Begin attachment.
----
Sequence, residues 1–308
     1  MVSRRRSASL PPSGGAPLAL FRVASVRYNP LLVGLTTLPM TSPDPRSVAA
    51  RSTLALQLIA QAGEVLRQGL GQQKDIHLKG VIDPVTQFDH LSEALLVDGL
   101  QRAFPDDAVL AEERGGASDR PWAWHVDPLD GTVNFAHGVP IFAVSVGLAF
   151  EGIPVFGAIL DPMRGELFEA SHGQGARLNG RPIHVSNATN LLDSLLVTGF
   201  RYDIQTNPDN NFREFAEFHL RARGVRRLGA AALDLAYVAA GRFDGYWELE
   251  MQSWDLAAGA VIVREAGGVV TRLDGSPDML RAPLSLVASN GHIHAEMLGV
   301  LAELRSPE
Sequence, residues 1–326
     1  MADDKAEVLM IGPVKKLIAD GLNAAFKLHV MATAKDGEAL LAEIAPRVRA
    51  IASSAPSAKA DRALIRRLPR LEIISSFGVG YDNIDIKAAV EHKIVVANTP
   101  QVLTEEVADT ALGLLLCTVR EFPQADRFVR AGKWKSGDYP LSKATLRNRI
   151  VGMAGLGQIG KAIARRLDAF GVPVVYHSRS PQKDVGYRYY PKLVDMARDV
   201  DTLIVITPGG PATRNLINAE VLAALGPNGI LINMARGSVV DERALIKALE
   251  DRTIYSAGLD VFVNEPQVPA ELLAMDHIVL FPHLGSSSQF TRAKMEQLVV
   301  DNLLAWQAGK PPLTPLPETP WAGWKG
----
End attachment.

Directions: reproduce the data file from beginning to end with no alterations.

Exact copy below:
Sequence, residues 1–308
     1  MVSRRRSASL PPSGGAPLAL FRVASVRYNP LLVGLTTLPM TSPDPRSVAA
    51  RSTLALQLIA QAGEVLRQGL GQQKDIHLKG VIDPVTQFDH LSEALLVDGL
   101  QRAFPDDAVL AEERGGASDR PWAWHVDPLD GTVNFAHGVP IFAVSVGLAF
   151  EGIPVFGAIL DPMRGELFEA SHGQGARLNG RPIHVSNATN LLDSLLVTGF
   201  RYDIQTNPDN NFREFAEFHL RARGVRRLGA AALDLAYVAA GRFDGYWELE
   251  MQSWDLAAGA VIVREAGGVV TRLDGSPDML RAPLSLVASN GHIHAEMLGV
   301  LAELRSPE
Sequence, residues 1–326
     1  MADDKAEVLM IGPVKKLIAD GLNAAFKLHV MATAKDGEAL LAEIAPRVRA
    51  IASSAPSAKA DRALIRRLPR LEIISSFGVG YDNIDIKAAV EHKIVVANTP
   101  QVLTEEVADT ALGLLLCTVR EFPQADRFVR AGKWKSGDYP LSKATLRNRI
   151  VGMAGLGQIG KAIARRLDAF GVPVVYHSRS PQKDVGYRYY PKLVDMARDV
   201  DTLIVITPGG PATRNLINAE VLAALGPNGI LINMARGSVV DERALIKALE
   251  DRTIYSAGLD VFVNEPQVPA ELLAMDHIVL FPHLGSSSQF TRAKMEQLVV
   301  DNLLAWQAGK PPLTPLPETP WAGWKG